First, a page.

Wednesday, May 19, 2010

"To be a priest means sacrifice" (Washington Post front-page article)

I hope that you all saw the front page story in the Washington Post last Friday about seminarians at Mount St. Mary’s in Emmitsburg (my alma mater). There was a picture of the Blessed Mother on the front page of the Post! The article itself was fair and positive. It was well done. It briefly paints a picture of life in the seminary in the midst of troubled times in the Church. It presents both the human and spiritual elements of formation for the priesthood. The rector and seminarians, including my buddy, Deacon Dave Wells, did an excellent job. Hopefully, our five seminarians from the Newman Center will shine like these guys when they get their 15 minutes of fame.

Below are excerpts from the article. To view it in full, please click on today’s title.

Budding priests in a time of crisis:
Seminarians enter scandal-scarred vocation

...For some seminarians, the abuse crisis only made them want to be priests more.

"It invoked that almost boyhood drive to be a hero," said Matt Rolling, 27, a soft-spoken student from Nebraska. "You want to help the church restore its name. You want to be an example of what the priesthood really represents."

To be a priest, Rolling said, means sacrifice. For him, answering God's call meant abandoning all his careful plans -- a career as a forest ranger, the girlfriend he'd been dating for three years at the University of Nebraska, the prospect of marriage and children.

Even now, he said, there are times when he feels a desire for a wife and family. And, of course, there is the issue of sex.

"It's not like when you become a deacon or priest, the hormones somehow shut off," he said. "There are temptations. There are doubts. How do you deal with that? You try to realize that temptation comes from the devil and salvation comes from God. You pray for that salvation. You build up the spiritual strength to look past the distraction. . . . When I see a girl, I try to think, 'If this were my daughter, how would I feel if someone looked at her that way, if someone mistreated her?' You try to move into that role of a father, which is what you're supposed to be, in a sense, as a priest."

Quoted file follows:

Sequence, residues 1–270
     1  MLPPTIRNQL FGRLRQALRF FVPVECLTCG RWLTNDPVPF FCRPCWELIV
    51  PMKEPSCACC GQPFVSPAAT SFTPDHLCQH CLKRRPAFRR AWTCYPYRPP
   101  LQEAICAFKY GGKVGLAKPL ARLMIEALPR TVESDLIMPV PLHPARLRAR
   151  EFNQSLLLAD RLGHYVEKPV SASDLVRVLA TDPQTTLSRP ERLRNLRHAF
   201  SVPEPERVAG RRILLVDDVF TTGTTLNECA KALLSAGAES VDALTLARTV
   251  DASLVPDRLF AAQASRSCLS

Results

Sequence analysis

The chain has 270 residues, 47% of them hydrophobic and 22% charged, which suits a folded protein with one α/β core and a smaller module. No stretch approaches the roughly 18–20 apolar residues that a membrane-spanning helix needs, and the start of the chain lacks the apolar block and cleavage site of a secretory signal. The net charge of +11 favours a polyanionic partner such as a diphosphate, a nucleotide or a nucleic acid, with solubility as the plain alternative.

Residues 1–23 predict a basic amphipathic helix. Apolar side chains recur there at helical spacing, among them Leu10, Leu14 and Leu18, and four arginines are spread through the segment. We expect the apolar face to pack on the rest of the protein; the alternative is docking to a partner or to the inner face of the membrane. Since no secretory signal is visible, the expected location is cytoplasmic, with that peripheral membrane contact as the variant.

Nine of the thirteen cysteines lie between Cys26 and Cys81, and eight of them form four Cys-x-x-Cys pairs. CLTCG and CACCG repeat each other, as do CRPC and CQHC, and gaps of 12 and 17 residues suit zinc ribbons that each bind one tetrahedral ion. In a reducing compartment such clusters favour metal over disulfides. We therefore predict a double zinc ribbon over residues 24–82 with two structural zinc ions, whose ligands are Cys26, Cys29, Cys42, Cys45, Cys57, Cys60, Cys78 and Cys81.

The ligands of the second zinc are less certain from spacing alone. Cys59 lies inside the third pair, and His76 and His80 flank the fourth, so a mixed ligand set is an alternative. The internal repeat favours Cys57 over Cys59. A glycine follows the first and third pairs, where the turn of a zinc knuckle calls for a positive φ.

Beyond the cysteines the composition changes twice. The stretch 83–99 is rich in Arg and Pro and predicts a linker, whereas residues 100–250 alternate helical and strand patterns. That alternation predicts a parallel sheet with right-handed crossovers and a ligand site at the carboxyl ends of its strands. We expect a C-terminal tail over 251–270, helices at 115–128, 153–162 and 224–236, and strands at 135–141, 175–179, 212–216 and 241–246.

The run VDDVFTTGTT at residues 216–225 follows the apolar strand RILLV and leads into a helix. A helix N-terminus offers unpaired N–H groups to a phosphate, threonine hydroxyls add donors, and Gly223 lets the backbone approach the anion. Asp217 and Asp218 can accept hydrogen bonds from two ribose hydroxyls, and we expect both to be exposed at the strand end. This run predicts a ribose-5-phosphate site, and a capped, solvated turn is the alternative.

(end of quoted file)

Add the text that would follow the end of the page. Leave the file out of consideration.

Embracing celibacy at Mount St. Mary's is complicated by the fact that the seminary is housed on the same campus as a college, with a student body that includes plenty of young women.

Strolling through a lush garden dedicated to the Virgin Mary, Dave Wells, one of Rolling's close friends, put it this way: "I don't want to sound like it's the only thing we think about, but, yes, it can be tough."
Midway through the conversation, two girls in tight running clothes jogged by. Wells's eyes, however, remained fixed on a statue of Mary.

"It's good practice for us," he said later, "because in the parishes, we'll be surrounded and ministering to women, too. You may as well get used to it now."

Not everyone, however, can. About 15 percent of the seminarians leave without finishing. In the past year alone, Wells has attended two weddings for former seminarians in his class.

"Some of us are called to be fathers in the natural sense," he said. "Some are called in the spiritual sense."

1 comment:

Matt Shoemaker said...

Father! This article was fantastic! My parents read the article and were really impressed with it as well. It was great to see that the Post can write some really good articles when they put their minds to it. Thanks for linking this!